Post by Yotam Kaplan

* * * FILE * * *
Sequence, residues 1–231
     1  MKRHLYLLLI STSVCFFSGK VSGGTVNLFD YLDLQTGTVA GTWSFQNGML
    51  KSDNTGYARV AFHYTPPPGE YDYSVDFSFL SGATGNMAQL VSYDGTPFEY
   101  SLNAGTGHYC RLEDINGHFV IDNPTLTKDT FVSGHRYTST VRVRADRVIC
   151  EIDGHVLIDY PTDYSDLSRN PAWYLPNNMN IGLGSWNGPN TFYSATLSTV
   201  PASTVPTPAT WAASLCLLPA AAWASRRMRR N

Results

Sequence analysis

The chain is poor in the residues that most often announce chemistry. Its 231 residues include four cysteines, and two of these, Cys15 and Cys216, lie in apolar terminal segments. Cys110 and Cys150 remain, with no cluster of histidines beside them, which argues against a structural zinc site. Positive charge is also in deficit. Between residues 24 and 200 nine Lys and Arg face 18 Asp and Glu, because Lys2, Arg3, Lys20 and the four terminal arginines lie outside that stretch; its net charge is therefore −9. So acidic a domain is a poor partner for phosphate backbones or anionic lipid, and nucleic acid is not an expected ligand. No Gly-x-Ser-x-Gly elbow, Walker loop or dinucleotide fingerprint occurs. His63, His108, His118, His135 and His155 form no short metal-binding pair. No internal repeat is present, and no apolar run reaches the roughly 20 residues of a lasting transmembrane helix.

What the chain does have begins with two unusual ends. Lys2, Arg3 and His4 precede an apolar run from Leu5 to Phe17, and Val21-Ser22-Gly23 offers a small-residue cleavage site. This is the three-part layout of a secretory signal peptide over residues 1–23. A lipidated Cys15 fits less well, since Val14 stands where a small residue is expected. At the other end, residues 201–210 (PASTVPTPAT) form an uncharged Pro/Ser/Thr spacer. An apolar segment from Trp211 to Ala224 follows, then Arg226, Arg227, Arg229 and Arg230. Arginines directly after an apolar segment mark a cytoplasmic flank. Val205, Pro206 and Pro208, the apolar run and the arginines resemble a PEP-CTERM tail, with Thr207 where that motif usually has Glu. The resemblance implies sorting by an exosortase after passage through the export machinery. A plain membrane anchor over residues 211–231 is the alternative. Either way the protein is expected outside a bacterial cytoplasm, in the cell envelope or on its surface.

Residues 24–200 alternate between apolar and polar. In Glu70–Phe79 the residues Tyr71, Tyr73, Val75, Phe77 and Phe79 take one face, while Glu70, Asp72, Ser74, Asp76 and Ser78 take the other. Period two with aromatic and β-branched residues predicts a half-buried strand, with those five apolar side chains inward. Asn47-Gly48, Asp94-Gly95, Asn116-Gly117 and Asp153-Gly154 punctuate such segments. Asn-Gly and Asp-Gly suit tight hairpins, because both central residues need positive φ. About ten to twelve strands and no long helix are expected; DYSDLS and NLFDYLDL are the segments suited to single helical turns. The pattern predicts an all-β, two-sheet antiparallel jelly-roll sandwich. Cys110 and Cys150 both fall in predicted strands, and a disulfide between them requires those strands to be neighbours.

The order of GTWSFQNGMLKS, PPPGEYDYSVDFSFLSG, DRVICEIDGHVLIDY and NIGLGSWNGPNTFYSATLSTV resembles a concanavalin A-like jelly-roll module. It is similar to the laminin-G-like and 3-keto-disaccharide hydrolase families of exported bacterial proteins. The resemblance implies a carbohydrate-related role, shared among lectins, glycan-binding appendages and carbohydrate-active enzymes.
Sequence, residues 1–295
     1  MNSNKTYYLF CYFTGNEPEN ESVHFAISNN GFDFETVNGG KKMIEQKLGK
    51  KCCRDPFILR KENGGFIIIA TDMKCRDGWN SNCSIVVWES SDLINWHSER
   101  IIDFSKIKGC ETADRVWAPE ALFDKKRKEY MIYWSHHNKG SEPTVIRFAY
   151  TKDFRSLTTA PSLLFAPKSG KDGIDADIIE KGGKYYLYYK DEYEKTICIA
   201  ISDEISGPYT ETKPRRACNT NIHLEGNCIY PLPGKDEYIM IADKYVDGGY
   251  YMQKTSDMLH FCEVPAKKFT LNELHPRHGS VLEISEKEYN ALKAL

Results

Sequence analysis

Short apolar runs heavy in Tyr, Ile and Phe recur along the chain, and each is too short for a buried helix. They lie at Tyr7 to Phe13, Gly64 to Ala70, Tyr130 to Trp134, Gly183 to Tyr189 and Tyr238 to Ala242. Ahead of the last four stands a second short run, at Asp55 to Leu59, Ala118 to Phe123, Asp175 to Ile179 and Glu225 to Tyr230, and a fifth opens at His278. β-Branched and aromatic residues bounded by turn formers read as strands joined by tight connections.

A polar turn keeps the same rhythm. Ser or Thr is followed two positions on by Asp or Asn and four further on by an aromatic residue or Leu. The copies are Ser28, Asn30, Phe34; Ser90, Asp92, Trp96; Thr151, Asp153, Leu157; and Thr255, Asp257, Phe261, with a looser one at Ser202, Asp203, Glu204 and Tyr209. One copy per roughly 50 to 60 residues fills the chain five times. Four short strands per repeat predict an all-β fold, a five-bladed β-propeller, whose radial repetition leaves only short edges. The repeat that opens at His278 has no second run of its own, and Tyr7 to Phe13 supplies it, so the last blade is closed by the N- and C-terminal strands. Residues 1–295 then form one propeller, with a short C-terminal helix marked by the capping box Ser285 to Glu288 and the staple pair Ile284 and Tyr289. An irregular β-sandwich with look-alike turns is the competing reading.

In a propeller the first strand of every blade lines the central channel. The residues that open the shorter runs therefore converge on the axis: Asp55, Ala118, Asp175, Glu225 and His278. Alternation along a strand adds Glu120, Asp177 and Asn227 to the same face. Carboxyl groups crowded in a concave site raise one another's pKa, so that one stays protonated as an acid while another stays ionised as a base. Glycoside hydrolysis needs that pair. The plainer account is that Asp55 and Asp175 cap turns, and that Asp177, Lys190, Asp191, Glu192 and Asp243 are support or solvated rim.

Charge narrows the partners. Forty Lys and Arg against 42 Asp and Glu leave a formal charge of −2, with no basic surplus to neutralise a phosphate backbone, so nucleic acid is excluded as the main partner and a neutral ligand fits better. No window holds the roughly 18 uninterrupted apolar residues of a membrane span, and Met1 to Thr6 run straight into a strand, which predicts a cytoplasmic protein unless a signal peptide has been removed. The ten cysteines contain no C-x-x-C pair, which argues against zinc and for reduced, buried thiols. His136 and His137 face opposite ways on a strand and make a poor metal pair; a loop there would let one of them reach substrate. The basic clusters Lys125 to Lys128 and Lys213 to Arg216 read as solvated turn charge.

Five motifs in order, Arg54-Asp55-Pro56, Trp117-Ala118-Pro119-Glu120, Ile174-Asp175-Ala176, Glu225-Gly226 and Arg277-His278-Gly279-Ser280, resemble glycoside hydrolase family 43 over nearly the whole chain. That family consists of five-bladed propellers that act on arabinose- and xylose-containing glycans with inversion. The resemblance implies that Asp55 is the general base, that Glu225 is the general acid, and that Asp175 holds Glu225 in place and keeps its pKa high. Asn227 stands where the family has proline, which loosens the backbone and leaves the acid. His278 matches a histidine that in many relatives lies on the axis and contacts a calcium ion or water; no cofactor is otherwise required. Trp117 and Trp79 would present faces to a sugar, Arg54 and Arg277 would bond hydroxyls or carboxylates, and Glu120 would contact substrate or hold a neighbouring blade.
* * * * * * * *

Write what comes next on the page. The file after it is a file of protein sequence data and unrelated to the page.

Recent posts by Eric Claeys, Patrick Goold and Andrew Gold highlighted the centrality of analytical and conceptual jurisprudence to the NPL project. This focus on the more traditional aspects of legal argument portrays the NPL initiative as a reconstructive one, novel mainly for reinvigorating methodologies considered by many to be dated and unsound. The blog also sparked a lively conversation on the meaning of the term private law, a fact that in itself shows something new is about (as noted by the editors, any explicit focus on private law is novel, considering the current prevalence of private law skepticism). More generally, the ambitious title of the project (which generated some amusing expressions of ‘outrage’), expressly urges us to consider the potential for something new. And yet, scholars have generally demonstrated caution in making sweeping claims for the novelty of the NPL framework. This is probably a wise choice, as level-headed understatement usually is best. So, just to stir things up, I shall risk some overstatement.